Animals in Science

While some claim that animals are needed in research, testing, and education, the animal suffering that occurs in laboratories cannot be justified with claims of scientific advancement. Not only is the use of animals in science ethically flawed, but in a growing number of instances, it is not necessary. Some of the biggest advancements in science today is in the field of alternatives development and methods of investigation that do not use animals.

What is Vivisection?

Vivisection is a word that was once used to refer to the act of cutting a live animal, what we today more commonly call experiments. Although the word vivisection is rarely used, the practice continues, as tens of millions of animals suffer in laboratories as they are subjected to often painful procedures every year. These include mice and rats, but also dogs, cats, primates, and guinea pigs. Several are used in biomedical research as models of human disease, while others are used to test drugs, chemicals, and personal care products. Thousands of animals are also used in education for dissection and medical and veterinary training.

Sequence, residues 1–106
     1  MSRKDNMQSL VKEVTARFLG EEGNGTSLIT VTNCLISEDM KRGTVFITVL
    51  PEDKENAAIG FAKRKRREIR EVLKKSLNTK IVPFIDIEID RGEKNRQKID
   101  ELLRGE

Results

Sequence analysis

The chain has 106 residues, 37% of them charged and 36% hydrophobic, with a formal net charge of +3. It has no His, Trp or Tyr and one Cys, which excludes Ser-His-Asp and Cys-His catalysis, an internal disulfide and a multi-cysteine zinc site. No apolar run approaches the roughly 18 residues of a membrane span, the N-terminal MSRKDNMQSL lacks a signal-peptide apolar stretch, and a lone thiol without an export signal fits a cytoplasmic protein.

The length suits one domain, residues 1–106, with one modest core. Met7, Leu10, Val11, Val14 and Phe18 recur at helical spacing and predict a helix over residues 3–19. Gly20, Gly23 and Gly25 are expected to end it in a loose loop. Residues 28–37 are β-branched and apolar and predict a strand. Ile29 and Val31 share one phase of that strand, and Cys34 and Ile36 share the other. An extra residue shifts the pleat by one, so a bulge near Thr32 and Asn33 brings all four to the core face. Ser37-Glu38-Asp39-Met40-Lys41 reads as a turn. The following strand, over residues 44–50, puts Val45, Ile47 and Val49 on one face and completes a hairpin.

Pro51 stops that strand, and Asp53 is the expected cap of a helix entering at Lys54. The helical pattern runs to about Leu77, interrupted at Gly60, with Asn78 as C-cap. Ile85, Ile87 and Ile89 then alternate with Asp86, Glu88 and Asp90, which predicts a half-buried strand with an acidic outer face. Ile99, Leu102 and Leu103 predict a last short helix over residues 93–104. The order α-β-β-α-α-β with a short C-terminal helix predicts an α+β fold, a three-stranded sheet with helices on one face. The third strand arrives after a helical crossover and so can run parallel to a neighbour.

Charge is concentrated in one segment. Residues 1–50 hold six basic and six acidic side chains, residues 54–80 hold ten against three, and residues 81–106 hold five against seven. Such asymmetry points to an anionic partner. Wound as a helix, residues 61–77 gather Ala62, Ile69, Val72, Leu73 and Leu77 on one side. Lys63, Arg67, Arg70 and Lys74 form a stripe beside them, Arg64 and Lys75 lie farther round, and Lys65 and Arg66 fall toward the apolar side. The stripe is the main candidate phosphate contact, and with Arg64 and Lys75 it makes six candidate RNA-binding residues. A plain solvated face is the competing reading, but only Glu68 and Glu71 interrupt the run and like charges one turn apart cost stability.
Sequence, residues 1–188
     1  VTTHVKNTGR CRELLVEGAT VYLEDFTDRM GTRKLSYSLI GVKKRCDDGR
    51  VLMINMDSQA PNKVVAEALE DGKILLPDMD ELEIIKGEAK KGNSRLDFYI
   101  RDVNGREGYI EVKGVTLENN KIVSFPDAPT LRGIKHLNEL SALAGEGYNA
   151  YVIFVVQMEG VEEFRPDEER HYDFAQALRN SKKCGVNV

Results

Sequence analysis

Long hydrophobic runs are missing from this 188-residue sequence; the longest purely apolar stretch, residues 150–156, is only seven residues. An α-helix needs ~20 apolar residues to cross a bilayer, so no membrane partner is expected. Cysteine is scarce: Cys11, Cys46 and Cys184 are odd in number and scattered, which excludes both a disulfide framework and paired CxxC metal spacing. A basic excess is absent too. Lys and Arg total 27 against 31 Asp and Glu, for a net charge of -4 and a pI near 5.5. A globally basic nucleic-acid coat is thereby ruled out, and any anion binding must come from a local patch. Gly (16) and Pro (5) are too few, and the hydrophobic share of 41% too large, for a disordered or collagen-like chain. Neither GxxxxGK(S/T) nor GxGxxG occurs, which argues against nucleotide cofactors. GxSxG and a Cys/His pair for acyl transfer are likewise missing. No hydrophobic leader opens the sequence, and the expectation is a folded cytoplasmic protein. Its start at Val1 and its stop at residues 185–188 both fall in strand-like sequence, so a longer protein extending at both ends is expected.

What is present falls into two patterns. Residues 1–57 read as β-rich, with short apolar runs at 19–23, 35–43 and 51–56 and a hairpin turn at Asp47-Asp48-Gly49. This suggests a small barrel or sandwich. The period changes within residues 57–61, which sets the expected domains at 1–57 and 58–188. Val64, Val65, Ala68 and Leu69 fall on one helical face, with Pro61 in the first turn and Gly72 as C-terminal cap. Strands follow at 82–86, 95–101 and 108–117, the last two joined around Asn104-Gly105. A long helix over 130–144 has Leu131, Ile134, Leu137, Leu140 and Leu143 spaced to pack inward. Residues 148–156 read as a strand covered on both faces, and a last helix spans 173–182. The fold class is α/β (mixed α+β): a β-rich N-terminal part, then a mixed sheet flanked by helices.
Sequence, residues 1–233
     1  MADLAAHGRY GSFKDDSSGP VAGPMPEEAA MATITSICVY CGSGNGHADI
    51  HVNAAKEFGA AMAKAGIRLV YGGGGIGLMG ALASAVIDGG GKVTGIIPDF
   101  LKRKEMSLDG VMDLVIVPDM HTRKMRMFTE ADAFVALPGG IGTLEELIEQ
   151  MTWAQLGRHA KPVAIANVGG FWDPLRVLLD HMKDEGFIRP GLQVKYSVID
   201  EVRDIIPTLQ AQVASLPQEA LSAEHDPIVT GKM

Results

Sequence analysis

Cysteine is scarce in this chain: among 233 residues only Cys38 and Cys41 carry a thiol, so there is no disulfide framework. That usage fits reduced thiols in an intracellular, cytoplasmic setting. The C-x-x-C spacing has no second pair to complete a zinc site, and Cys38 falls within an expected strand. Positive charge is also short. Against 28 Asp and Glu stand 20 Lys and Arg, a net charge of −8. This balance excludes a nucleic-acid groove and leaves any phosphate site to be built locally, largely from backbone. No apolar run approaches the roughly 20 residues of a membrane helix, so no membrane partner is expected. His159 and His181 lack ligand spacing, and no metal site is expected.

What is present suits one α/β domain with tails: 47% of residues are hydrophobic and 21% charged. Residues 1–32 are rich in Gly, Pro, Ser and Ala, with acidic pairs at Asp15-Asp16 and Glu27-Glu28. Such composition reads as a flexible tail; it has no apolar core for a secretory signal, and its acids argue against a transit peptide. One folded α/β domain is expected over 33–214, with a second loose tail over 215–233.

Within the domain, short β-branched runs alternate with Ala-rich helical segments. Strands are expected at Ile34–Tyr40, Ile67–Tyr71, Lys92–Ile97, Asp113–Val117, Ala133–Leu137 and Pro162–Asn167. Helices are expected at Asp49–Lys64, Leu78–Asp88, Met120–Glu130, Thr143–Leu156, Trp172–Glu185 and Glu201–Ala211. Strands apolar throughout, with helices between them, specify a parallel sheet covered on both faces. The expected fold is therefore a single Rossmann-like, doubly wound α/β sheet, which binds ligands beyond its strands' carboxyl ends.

Unfortunately, the use of animals is sometimes required by law, such as in the case of drug and chemical testing. But there are also many instances where this is not true. Cosmetic testing and animal dissection are examples. Additionally, there is only one law aimed specifically at protecting animals in labs: the Animal Welfare Act (AWA). However, the AWA covers less than 80% of all animals used, as mice and rats bred for research, cold blooded animals like frogs and fish, and animals used in agriculture research are not included.

This is why AAVS’s important work is necessary. The archaic use of animals in science is slowly being phased out in some areas, such as with product testing and education, and every year technological advancements in alternatives development bring us closer to the realization that animals are not needed in science.

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